Matter and antimatter were generated in equal amounts during the Big Bang, but in today’s universe we see mainly matter. Why is there this asymmetry between matter and antimatter? The Belle experiment investigated decays of matter and antimatter particles to find out why they behave differently. Belle II will improve these measurements further: With more data and new detectors.

What can you see here?

  • What is antimatter, how does the matter/antimatter asymmetry arise and how can it be measured?
  • Pixel detector: High-precision measurement of particle tracks
  • Track trigger: The triggering mechanism of the detector

After the discovery of the Higgs boson, more particles could maybe follow soon: At the LHC, protons are smashed into each other at almost the speed of light and incredibly high energies. The accurate data from ATLAS enable researchers to conduct high-precision measurements of the standard model using known particles, and to search for things unknown. To increase the chances of detecting new particles, the LHC is updated for further outstanding achievements. This applies to the ATLAS instrumentation as well – our scientists give you an insight into how detector technologies are being developed further and report on the results achieved.

What can you see here?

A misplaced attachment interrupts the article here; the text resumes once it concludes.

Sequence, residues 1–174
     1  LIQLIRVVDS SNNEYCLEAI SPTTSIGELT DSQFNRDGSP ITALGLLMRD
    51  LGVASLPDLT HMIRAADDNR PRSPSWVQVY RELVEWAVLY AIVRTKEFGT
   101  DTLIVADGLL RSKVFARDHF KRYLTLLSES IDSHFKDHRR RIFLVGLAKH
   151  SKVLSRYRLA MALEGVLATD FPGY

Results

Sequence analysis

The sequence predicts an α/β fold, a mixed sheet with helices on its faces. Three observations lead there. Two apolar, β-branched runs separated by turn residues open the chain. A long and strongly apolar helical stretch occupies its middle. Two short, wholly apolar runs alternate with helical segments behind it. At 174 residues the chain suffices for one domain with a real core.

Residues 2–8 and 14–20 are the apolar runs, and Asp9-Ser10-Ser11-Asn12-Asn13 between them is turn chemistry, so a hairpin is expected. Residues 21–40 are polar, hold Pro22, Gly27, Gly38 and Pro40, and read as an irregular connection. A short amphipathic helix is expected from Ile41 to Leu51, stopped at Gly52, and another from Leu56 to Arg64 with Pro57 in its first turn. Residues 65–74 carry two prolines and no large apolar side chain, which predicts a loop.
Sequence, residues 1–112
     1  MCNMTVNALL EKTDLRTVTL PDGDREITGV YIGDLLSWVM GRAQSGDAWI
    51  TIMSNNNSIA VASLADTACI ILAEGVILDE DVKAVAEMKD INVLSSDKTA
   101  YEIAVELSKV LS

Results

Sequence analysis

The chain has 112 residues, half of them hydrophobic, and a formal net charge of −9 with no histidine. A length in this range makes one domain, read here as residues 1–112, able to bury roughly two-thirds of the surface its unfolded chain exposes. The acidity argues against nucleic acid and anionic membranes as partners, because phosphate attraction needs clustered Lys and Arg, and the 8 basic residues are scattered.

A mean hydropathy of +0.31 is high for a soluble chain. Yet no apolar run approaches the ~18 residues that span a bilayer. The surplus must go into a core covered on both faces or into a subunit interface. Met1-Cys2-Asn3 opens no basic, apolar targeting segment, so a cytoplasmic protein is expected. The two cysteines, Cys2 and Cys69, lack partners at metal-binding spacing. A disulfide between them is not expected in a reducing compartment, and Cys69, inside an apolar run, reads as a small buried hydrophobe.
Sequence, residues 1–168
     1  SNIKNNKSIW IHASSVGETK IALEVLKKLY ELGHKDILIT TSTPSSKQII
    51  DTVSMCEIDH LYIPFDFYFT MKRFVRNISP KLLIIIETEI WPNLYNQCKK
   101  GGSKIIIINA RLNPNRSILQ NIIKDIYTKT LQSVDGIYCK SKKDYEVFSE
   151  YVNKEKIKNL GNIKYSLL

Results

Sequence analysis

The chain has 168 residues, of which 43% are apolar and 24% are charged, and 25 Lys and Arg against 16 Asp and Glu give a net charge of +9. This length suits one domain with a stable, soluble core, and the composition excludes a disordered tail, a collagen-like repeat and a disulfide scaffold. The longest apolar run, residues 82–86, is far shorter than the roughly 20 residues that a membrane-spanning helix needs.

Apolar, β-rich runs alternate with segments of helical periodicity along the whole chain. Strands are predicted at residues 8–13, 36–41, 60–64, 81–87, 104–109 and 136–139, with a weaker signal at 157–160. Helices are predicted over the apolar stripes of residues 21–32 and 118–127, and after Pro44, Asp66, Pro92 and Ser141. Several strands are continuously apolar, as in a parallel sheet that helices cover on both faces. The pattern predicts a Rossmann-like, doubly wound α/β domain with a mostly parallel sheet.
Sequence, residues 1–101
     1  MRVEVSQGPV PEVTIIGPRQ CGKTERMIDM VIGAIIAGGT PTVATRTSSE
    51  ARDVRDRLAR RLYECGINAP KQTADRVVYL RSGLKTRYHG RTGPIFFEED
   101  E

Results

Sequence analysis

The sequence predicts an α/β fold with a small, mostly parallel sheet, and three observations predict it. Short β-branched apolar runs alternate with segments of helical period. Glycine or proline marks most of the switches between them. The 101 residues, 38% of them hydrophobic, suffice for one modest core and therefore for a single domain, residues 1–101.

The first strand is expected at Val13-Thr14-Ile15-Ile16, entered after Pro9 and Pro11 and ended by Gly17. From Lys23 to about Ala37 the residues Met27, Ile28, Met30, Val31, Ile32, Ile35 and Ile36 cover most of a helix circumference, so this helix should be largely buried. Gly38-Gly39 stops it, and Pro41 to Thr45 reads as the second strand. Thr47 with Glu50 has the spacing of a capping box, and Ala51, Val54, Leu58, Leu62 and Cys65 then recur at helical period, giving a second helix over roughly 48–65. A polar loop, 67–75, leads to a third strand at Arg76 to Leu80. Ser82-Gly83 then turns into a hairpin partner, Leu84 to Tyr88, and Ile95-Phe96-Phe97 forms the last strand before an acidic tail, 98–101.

• The instruments used to measure muons: Smaller, faster and much more precise than before
  • New types of silicon pixel sensors to measure electrically charged particles
  • ATLAS control room: How scientists work at CERN
  • Precision measurements for the mass of the top quark

Scientists have long known that the universe must contain a form of matter which cannot be seen. It attracts mass, just as normal, visible matter does. This is how dark matter keeps galaxies together – and determines how they are spread out in the universe. CRESST is one of several experiments searching for the as yet unknown particles of dark matter –and it requires very low temperatures.

What can you see here?

  • The CRESST cryogenic temperature laboratory: How can low temperatures close to absolute zero (-273 degrees Celsius) be achieved?
  • In the CRESST tent: Which methods does the experiment use to detect dark matter?
  • Also: Entertaining experiments with nitrogen and balloons!